Only one manager has been fired this season – the Braves’ Fredi Gonzalez, back on May 17. You know what that means: The hot seat is warming at a major-league ballpark near you.
In baseball as in life, patience often is a virtue; the Red Sox’s John Farrell, Mets’ Terry Collins and Tigers’ Brad Ausmus all appeared in danger of losing their jobs at different points this season, but survived to guide their teams into playoff contention.
Still, change is inevitable, even though many in the industry bemoan the lack of quality potential replacements. Former Padres manager Bud Black figures to be the one hot name, but executives routinely complain about the pool of available candidates.
If teams want to find the next Joe Maddon, Buck Showalter or Bruce Bochy, they will need to employ creative solutions. Even the best and most original managers had to start somewhere, and dissatisfied clubs are better off taking a risk than maintaining the status quo.
A look at six managers who could be in jeopardy, in no particular order:
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Chip Hale, Diamondbacks
The chaos in the D-backs’ front office easily could claim Hale as a victim. If chief baseball officer Tony La Russa and/or general manager Dave Stewart are fired, it stands to reason that Hale might be dismissed, too.
Then again, ownership again could intervene on Hale’s behalf, just as it reportedly did in July. Others bear greater responsibility for the D-backs’ collapse. Hale, however, does not always endear himself to players with his bullpen management and dugout demeanor.
Getty ImagesNorm Hall
Robin Ventura, White Sox
A mutual parting might be best for all involved; some around the team say that Ventura seems frustrated and tired. The White Sox, after finishing 85-77 in Ventura’s first season, are headed for their fourth straight losing campaign.
Owner Jerry Reinsdorf is intensely loyal to cherished employees such as Ventura, but the team’s business is suffering; the White Sox the past three seasons have ranked 28th, 26th and 26th in home attendance.
Ace left-hander Chris Sale pointed to differences with Ventura after destroying the team’s throwback uniforms in late July, telling MLB.com, “Robin is the one who has to fight for us” on such issues.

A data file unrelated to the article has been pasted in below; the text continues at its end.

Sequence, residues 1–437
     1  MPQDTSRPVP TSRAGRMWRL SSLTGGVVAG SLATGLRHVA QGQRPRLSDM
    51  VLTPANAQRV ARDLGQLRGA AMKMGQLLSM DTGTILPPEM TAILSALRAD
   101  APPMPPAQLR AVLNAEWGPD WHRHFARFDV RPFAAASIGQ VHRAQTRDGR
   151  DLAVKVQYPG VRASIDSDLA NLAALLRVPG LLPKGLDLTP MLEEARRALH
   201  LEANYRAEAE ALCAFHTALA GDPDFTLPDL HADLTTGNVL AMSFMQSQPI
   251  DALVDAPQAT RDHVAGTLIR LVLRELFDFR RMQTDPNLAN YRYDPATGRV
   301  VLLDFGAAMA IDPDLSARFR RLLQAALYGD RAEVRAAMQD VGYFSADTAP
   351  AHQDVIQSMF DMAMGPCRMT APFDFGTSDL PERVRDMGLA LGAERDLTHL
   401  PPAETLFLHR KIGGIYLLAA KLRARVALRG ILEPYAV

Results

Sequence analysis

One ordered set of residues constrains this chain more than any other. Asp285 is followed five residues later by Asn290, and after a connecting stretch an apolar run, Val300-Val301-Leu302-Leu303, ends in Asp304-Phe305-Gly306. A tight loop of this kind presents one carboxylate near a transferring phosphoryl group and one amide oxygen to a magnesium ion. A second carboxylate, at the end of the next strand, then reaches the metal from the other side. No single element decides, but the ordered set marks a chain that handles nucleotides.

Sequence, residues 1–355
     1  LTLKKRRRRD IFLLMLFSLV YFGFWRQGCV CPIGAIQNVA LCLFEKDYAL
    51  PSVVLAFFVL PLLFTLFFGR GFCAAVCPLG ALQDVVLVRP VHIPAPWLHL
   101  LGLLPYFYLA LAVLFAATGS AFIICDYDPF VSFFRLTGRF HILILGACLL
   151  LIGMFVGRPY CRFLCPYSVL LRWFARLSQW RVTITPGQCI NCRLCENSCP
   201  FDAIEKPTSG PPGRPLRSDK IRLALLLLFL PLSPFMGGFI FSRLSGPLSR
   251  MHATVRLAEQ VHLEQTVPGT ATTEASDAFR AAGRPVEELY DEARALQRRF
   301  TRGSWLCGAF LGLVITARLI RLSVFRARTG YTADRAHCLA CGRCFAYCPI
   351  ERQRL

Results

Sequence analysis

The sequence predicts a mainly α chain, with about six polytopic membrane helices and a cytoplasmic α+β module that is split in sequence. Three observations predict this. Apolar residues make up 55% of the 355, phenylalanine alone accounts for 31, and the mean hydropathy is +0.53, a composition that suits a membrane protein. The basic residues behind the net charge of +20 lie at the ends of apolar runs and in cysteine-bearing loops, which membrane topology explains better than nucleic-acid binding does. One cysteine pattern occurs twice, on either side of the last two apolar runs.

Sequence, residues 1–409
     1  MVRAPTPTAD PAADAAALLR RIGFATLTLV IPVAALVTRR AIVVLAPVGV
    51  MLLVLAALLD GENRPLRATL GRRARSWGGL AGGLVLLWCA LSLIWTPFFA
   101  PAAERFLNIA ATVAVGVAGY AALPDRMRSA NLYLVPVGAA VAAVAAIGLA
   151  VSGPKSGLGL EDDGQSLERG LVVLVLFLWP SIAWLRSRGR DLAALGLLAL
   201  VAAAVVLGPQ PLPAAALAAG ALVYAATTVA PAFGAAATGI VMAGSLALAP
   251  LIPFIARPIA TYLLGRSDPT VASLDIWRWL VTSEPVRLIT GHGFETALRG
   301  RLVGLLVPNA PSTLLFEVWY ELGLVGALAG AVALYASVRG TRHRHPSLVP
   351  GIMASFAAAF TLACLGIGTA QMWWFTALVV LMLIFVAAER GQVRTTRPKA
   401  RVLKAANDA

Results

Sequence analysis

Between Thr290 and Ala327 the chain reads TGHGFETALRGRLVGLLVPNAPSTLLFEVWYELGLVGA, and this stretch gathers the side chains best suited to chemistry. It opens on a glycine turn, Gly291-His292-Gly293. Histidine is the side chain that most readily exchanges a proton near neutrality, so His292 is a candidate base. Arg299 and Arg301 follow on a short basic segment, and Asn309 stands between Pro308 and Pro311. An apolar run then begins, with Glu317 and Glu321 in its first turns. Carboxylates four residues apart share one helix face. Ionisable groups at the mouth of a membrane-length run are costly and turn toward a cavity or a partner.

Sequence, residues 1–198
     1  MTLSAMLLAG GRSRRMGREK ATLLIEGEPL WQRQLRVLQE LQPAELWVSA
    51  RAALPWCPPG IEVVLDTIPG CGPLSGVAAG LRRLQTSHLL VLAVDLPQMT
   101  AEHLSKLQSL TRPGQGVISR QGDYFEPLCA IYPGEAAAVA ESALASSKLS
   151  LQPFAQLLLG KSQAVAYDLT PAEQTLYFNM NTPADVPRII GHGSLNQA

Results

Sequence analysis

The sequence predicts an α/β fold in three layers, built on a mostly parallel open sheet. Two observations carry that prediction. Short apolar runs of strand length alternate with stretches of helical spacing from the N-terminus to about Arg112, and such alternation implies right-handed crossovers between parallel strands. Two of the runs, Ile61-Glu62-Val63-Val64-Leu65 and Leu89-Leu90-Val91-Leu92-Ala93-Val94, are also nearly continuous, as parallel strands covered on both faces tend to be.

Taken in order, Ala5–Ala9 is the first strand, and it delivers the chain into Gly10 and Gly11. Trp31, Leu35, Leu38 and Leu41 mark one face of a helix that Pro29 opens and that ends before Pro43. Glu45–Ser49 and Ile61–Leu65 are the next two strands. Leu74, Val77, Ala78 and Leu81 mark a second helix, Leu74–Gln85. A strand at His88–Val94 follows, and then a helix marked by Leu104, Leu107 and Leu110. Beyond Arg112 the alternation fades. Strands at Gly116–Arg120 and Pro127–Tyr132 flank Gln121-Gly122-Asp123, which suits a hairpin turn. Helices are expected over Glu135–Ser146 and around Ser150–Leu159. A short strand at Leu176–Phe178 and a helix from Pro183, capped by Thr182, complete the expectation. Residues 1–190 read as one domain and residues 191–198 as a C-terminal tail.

More recently, first baseman Jose Abreu said that the White Sox do not have the same desire to win as the Royals, an indirect indictment of his teammates as well as Ventura.
Bench coach Rick Renteria, who managed the Cubs in 2014, only to lose his job when Maddon became available, is a possible internal replacement. Third base coach Joe McEwing is another.
Getty ImagesJon Durr
Bryan Price, Reds
The Reds on Tuesday set the major-league record for most home runs allowed in a season. But truth be told, they’ve made progress in the second half.
The pitching actually improved after the team replaced pitching coach Mark Riggins with Mack Jenkins – the Reds went 32-28 with a 3.87 ERA in their next 60 games before collapsing again over the past eight days, in part due to a lack of depth. They were 30-53 with a 5.51 ERA before the change.
Dick Williams, taking over for Walt Jocketty as GM, will need to decide if Price is the right choice as the team enters the next phase of its rebuilding process. Marketing considerations might enter the equation: The team’s average attendance of 23,117 is its lowest since 2009.
Getty ImagesNorm Hall
Walt Weiss, Rockies
The Rockies, showing significant progress, need only two more victories for 75, which would be their highest total since their last winning season in 2010.
The position players are outstanding. The prospects keep coming. The Rox still can’t pitch – they rank 27th in the majors in ERA, ahead of only the Reds, Twins and D-backs. But the core of a presentable rotation is in place; the bigger issue is the bullpen.
Meanwhile, Weiss remains in limbo.
As he nears the end of his contract, the Rockies have given no public indication that they wish to sign him to an extension. General manager Jeff Bridich, completing his second full season, might prefer his own man.
Getty ImagesDustin Bradford
Brian Snitker, Braves
Beware the hot interim!
Remember when Mike Quade guided the Cubs to a 24-13 record after replacing Lou Piniella in 2010? The Cubs gave him a two-year deal, then fired him after one season, illustrating the dangers of hiring an interim who builds a deceptively strong record.
Snitker, though, has had a longer run than Quade did – the Braves are 52-63 (.452) since he replaced Gonzalez, who was 9-28 (.243). Granted, 52-63 does not qualify as “hot,” but it’s certainly respectable for a club in a major rebuild.
The question: Do the Braves want Snitker, who has served the organization for nearly 40 years, to be their manager as they open a new ballpark next season?
General manager John Coppolella, while praising Snitker, has said that he will conduct a search to determine the best candidate.
Getty ImagesScott Cunningham
John Gibbons, Blue Jays
No way the Blue Jays will fire Gibbons if they make the playoffs – Gibbons would be the first manager since Cito Gaston in 1992 and ’93 to guide them to the postseason in consecutive years.
If the Blue Jays fail to get in, however, things might change.
Team president Mark Shapiro has spoken highly of Gibbons, who is signed through next season. But Gibbons was Alex Anthopoulos’ hire, not Shapiro’s. And given the Jays’ large number of potential free agents, starting with Jose Bautista and Edwin Encarnacion, Shapiro and GM Ross Atkins could embark upon a larger, more sweeping transition.
Shapiro, during his time in Cleveland, offered the Indians’ managing job to Black before hiring Eric Wedge in Oct. 2002. Wedge, who later managed the Mariners, joined the Blue Jays last February as a player development advisor.